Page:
Civil society, media trained on transitional justice mechanisms


By Tabora Bojang

A four-day capacity-building workshop for civil society organisations and members of the media is currently underway at a local hotel in Bakau.
The training organised by the Justice Ministry in collaboration with the United Nations Development Programme (UNDP) and UN Peace Building Support Office (PBSO) is aimed at strengthening the capacity and understanding of civil society and media to promote improved understanding of conceptual framework mechanisms of transitional justice. As well as effectively participate in its institutional processes including the upcoming truth, reconciliation and reparations commission.

As a Gambian transitional justice institution, the TRRC is designed to investigate systematic wide ranges of past human rights abuses and violations of the former regime, manage truth seeking, enhance reconciliation and prevent repetitions of the abuses and violations suffered in the past 22 years.
In her opening remarks, Mrs. Nessie Golakai-Gould, UNDP deputy country Representative, described the training as an essential opportunity to engage media and civil society as key partners to the Government in its plans for the successful implementation of transitional justice after 22-years dictatorial rule.
”Strengthening participants’ knowledge and attitude by equipping them with the necessary skills and tools to understand the functioning of selected transitional mechanisms such as truth commission, prosecutions and institutional reforms for non-recurrence of human rights violations will go a long way in enhancing public outreach and inclusive national dialogue,” she said.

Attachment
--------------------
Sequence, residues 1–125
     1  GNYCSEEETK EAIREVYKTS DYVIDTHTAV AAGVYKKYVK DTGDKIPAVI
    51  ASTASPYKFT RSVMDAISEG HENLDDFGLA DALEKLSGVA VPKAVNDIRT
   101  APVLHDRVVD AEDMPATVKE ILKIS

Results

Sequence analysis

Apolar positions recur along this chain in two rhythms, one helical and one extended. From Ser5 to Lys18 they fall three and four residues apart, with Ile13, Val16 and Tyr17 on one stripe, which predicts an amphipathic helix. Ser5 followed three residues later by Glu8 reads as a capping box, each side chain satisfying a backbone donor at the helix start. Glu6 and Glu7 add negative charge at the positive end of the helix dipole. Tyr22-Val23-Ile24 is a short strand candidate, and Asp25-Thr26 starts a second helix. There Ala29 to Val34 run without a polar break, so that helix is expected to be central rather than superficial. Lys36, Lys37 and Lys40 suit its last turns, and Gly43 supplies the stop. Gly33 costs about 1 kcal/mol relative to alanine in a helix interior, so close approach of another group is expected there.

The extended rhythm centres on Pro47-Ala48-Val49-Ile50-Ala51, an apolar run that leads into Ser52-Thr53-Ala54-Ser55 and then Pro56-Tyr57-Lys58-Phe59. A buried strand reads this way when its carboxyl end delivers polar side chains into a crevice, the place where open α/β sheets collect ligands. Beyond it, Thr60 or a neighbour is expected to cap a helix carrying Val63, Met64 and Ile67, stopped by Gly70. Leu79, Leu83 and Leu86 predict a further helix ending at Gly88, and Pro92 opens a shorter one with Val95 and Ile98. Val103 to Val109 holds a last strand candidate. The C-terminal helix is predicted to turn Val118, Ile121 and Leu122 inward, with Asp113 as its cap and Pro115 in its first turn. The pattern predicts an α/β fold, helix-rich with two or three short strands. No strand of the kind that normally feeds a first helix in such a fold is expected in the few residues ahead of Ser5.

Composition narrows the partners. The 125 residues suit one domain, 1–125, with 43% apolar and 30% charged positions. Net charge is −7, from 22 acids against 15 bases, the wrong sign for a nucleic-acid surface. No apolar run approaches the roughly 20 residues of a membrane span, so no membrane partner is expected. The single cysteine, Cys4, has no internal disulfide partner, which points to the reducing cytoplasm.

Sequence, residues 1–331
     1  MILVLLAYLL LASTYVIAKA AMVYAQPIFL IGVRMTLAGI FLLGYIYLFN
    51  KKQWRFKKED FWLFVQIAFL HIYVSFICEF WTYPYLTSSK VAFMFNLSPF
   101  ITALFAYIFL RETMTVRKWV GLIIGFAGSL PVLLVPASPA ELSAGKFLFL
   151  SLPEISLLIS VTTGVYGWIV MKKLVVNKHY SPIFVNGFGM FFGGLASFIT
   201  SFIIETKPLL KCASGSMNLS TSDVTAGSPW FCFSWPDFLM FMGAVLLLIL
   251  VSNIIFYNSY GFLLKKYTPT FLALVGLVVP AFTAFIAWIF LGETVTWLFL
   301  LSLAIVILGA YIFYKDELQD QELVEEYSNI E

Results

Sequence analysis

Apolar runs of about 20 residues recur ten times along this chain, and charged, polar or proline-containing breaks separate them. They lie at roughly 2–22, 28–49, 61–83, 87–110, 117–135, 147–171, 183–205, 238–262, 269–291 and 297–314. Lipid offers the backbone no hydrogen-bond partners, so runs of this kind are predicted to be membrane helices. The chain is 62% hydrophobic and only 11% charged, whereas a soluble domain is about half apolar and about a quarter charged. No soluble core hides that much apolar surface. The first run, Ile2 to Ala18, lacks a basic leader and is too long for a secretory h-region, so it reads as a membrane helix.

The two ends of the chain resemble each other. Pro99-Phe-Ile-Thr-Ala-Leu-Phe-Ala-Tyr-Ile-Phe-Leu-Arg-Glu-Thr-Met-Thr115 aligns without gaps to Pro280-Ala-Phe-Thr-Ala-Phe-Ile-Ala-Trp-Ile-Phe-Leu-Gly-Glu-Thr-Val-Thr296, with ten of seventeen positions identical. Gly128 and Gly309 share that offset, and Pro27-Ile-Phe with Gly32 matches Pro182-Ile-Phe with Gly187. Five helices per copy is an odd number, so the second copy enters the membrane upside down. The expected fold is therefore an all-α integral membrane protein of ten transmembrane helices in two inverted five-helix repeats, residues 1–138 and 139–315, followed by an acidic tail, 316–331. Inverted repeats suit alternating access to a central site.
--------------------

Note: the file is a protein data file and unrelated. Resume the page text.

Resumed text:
Madam Golakai, who has an extensive experience with civil society having worked with international and regional civil society networks in the Africa, assured UNDP’s continuous and unwavering commitment to ensure a smooth success in Gambia’s transitional justice processes.
According to the Solicitor General and Legal Secretary, Cherno Marena, the success of the upcoming commission would be highly vested on the media and the civil society, as key and important partners in managing the expectations of the public on transitional justice processes.

”A very important and key element of transitional justice is managing expectations of not only the victims but also managing the expectations of the general society, public, media and even the civil society organisations. Therefore success of our TJ mechanism rests not so much on the involvement and investment of the state but also equally on the investment of media practitioners and Civil Society Organisations who would naturally accomplish the process,” said Marena.

He said the Gambia’s truth commission is a unique model that is tailored to the country’s own situation and will serve as a source of inspiration for other commissions over the world. ”This is why after the study tour organised in South Africa and Sierra Leone, we were able to come up with our own model. Therefore, it is important that when we are disseminating information on the TRRC we speak from an informed angle,” he stated.